Through most of April, it looked like my backing of Moreland might have been a tad off base. I thought I might have been wrong about giving him a chance to start every day. He certainly wasn’t getting it done and had become more of a rally killer than anything else.
That was April 26.
Over the last two weeks, though, Moreland is hitting .400 (14-for-35) with two doubles, two home runs and five RBI. In that same time frame, he’s raised his batting average 59 points (.224 to .279), on-base percentage 63 points (.268 to .331), slugging percentage 69 points (.408 to .477) and on-base plus slugging percentage 132 points (.676 to .808).
I’m not exactly sure whether to send him an “I’m sorry” card or one that says “you’re welcome.” However, I do have one other player to take exception with, especially with his struggles of late. While I’m not naïve enough to believe the same thing that happened to Moreland will happen to him, I am curious to enough to at least give it a try.
I don’t have a personal issue with David Murphy – quite the contrary. I’m a big fan of the player he is on the field and how he carries himself off the field.
My view of David Murphy has been contrary to that of Moreland. During the offseason, I believed the Texas Rangers needed to give Moreland a real shot to be the everyday starter. They needed to give him the opportunity to show what he was capable of and, for at least the last two weeks, the belief manager Ron Washington has had in him is starting to pay off.
As for David Murphy, I believe quite the opposite. I never believed he was or should be anything more than a role player. A guy who comes off the bench and can fill in when needed in the late innings, or a guy who can come in and pinch-hit from time to time. That role, at least in my opinion, has always suited him better than a guy who is in the lineup daily.
His numbers, no matter which ones you look at, will make you cringe. David Murphy is hitting .196 with runners on base and .179 with runners in scoring position. Not exactly the kind of guy you want at the plate, down a run, in the late innings. You pretty much know how that at-bat is going to end.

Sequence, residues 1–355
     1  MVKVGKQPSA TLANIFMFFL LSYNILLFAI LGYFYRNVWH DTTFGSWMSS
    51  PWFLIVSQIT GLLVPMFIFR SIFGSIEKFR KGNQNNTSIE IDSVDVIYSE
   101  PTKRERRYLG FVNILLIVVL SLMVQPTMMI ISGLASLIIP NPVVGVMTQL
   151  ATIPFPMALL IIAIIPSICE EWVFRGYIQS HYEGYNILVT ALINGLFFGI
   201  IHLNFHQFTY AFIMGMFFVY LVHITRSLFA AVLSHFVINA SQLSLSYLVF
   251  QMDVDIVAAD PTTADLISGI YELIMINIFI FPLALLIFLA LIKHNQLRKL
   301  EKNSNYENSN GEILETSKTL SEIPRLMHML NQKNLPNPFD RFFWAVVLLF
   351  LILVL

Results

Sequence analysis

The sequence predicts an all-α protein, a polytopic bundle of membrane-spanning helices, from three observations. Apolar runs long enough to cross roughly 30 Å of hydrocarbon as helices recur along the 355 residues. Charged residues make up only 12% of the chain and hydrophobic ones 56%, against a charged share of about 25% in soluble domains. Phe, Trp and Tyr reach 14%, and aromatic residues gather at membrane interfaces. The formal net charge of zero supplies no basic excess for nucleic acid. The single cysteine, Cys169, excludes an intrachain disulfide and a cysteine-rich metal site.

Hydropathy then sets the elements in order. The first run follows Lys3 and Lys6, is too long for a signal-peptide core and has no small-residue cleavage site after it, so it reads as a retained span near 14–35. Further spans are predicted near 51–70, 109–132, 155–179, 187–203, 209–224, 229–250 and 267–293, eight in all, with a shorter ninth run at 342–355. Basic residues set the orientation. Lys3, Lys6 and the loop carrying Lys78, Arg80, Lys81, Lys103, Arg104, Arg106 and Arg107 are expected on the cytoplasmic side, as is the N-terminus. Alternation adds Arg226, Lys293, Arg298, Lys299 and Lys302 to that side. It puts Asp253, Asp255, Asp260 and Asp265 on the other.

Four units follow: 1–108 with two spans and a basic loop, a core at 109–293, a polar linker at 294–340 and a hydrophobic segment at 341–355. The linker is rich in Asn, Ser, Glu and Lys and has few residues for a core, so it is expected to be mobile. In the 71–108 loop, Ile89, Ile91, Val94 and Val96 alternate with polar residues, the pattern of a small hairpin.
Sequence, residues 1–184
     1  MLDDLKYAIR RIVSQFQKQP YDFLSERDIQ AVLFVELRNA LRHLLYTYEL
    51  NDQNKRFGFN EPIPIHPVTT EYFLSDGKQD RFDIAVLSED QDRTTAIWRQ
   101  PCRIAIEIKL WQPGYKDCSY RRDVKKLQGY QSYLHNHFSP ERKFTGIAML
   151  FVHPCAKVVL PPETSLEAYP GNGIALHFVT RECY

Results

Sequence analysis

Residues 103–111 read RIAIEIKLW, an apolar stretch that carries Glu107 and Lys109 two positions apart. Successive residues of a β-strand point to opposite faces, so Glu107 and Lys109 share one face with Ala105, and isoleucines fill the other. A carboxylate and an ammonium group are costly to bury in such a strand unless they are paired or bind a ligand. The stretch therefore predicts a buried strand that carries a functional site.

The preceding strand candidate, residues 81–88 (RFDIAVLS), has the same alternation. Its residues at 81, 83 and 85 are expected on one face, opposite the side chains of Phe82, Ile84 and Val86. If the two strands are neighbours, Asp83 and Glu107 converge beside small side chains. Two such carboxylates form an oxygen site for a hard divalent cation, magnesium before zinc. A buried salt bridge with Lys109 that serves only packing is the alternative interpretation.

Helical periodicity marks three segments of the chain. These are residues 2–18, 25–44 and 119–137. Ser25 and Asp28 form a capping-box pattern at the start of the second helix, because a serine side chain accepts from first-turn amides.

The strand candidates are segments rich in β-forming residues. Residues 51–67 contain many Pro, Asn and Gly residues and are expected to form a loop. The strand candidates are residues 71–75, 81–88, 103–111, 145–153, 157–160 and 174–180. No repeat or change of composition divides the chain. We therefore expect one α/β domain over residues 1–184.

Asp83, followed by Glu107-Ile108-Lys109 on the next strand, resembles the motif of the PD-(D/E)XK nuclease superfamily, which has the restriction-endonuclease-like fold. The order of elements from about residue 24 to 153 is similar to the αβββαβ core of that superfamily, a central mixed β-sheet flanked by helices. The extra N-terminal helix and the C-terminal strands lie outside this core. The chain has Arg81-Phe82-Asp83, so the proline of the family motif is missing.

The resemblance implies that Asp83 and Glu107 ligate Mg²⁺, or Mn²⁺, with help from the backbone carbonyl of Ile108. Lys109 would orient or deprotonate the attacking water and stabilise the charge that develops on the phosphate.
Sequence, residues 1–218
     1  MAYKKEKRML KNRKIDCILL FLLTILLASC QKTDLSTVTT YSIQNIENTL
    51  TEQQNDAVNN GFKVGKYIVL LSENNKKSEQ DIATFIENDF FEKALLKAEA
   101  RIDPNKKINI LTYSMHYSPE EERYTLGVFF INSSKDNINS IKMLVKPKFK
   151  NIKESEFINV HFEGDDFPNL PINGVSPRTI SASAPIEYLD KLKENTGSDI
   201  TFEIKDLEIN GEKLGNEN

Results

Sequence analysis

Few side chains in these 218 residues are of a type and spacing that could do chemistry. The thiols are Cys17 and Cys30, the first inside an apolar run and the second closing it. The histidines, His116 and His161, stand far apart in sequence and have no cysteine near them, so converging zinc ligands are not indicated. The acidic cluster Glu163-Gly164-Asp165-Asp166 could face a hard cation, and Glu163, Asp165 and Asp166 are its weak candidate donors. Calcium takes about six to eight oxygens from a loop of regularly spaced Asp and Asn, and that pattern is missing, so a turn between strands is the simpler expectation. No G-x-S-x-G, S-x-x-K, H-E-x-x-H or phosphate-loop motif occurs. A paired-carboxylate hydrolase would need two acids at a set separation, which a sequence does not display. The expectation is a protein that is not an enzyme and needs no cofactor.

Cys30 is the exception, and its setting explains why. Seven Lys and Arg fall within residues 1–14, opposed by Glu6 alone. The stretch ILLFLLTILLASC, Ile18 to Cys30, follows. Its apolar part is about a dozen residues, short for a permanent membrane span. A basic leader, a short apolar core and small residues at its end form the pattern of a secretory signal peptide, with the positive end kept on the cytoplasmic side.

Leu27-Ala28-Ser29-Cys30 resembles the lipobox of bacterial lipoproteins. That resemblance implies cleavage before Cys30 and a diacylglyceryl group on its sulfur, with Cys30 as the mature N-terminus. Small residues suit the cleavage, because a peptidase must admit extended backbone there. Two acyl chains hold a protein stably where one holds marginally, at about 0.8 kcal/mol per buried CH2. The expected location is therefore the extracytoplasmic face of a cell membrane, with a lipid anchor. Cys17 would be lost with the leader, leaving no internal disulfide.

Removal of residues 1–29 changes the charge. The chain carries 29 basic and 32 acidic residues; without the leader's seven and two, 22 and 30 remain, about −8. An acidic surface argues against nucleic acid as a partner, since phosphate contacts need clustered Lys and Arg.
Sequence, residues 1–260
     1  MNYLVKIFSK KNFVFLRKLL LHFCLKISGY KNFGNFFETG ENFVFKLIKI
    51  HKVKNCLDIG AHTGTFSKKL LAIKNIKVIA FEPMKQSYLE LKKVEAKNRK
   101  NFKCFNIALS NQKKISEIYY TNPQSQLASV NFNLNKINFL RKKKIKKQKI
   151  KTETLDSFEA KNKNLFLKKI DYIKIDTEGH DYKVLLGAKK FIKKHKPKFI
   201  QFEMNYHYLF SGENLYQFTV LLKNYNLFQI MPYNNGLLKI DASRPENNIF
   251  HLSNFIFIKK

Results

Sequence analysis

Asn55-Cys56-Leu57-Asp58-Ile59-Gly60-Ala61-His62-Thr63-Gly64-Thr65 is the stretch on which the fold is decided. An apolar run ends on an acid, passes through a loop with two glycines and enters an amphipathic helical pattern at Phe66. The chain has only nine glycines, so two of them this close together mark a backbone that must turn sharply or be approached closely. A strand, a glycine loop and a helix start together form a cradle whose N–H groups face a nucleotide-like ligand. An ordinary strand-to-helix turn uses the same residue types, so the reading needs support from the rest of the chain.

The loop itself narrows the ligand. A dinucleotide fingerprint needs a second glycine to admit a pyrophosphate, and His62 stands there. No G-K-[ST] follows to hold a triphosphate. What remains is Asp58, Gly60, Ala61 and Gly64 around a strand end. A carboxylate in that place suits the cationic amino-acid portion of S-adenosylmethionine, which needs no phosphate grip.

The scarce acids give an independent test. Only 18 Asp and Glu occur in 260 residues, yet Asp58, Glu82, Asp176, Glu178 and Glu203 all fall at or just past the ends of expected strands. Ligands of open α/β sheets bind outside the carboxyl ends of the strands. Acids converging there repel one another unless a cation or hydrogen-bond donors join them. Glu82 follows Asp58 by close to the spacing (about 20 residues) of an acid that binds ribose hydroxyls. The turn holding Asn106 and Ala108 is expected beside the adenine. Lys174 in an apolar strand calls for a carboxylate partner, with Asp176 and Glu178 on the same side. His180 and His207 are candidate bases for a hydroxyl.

It gets a little worse the more you dig into his numbers. When he’s the lead batter of the inning Murphy has just two hits in his 25 total at-bats (.080). How do you get a rally going if this is the guy who leads off a certain inning, especially if it’s the bottom of the ninth and you have a chance to tie the game?
So, what do the Rangers do about David Murphy? You can’t exactly send him to the minor leagues, and trading him won’t bring Texas anything of substance.
Unless he can show that things will turn around, unless he can show he’s starting to figure things out, should they give Jeff Baker the job on a full time basis? Though Washington believes Baker is his full-time utility player, he may need him more if David Murphy’s struggles continue.
Having a dead spot in the lineup, especially playing against National League teams over three straight days (Cubs, Brewers), isn’t something the Texas Rangers can afford. It’s one of the things that has bit them in the backside over their two appearances in the World Series.
Washington continued to stay with Michael Young last season no matter how much he struggled because he figured Young would turn it around at some point. That point never came and the offense never gained the needed momentum.
If they continue to run David Murphy out there and he continues to struggle, Washington is going to have to make other plans. I want to believe in David Murphy, I really do. But what he’s shown me over his first 31 games doesn’t seem to have a light at the end of the tunnel.
You never know; maybe he’ll read this and decide he’s going to make me look as bad as Mitch Moreland has over the last two weeks.
One can only hope.